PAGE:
Syllable Structure

Túfóžan syllables are formed in the pattern (C)(C)V(C)(C), where C is a consonant and V is a vowel or diphthong.

All single consonants are allowable onsets; all are allowable codas except c, j, w, and y.

Allowable onset clusters are: bl, br, bw, by, đl, đr, dl, dr, dw, dy, fl, fr, fw, fy, gl, gr, gw, gy, hl, hm, hn, hr, kl, kr, kw, ky, pl, pr, pw, py, šk, šl, šm, šn, šp, šr, št, šw, šy, sk, sl, sm, sn, sŋ, sp, sr, st, sw, sy, ŧl, ŧr, ŧw, ŧy, tl, tr, tw, ty, zb, zd, zg, žl, žr, zl, zr, zw, zy.

Allowable coda clusters are: ld, lđ, lf, lh, lk, lp, ls, lš, lt, lŧ, lz, lž, mf, mp, ŋk, ns, nt, nŧ, rf, rh, rk, rm, rn, rŋ, rp, rs, rš, rt, rŧ, šk, šp, št, sk, sp, st, zb, zd, zg, žb, žd.

In compounds of two or more morphemes, identical vowels that cluster (ie, CV.VC) tend to collapse together, and if the two vowels can form an allowable diphthong, they will, merging two syllables into one. In cases where the clustered vowels are not identical and cannot form a legal diphthong, they continue to be in separate syllables and an intrusive semivowel [j] inserts itself between them. This is written in the Roman orthography as /y/. This also occurs when a diphthong merges with a vowel.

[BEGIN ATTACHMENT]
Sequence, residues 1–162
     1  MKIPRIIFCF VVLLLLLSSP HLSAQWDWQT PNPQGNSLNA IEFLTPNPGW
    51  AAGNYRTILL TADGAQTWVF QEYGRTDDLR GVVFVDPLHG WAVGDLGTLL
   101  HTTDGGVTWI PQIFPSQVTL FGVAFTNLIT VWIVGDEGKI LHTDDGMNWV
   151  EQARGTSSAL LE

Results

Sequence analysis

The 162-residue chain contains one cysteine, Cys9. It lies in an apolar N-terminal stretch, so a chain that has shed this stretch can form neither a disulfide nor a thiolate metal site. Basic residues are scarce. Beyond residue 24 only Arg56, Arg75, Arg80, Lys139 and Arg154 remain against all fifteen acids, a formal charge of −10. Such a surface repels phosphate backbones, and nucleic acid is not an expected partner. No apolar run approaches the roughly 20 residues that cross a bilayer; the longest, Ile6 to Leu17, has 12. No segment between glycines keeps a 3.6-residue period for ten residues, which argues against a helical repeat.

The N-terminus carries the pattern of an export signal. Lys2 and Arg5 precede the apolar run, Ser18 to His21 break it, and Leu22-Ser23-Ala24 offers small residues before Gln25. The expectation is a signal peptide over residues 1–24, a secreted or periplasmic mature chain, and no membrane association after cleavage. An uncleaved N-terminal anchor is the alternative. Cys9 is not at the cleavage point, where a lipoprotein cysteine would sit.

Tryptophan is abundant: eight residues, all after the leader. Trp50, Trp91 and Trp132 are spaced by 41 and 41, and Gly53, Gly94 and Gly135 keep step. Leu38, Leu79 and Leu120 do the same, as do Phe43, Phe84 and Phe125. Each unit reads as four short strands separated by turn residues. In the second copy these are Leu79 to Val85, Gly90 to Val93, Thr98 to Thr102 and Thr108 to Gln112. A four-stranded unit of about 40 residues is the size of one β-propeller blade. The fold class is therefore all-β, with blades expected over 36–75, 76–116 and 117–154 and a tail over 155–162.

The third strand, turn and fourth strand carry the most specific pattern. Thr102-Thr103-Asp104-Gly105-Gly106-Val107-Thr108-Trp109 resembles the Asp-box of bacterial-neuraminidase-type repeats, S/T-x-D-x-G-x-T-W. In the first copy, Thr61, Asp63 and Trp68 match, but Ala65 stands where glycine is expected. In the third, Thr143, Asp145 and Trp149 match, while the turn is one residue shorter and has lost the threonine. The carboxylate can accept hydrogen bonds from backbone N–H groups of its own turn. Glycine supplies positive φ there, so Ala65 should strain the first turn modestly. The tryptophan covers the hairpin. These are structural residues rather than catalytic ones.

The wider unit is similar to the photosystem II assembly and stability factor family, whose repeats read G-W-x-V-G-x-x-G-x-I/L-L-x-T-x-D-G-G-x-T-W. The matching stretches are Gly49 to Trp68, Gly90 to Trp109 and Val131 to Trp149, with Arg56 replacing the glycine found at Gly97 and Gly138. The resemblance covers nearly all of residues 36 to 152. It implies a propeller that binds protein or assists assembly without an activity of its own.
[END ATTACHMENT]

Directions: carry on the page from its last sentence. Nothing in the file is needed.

Stress is determined by syllable weight. Diphthongs are heavier than simple vowels. Closed syllables are heavier than open syllables. Syllables that close with a consonant cluster are heavier than those that close with a single consonant. Ex:

pa < pau < pan < paun < pant < paunt

One-syllable words that are perceived as having only an auxiliary role in an utterance are often unstressed.

In two-syllable words, stress falls on the heavier syllable, on the first if they are equal.

In words of three or more syllables, stress falls on the heaviest of the last three syllables, favoring the positions further from the end of the word in cases of equal weight.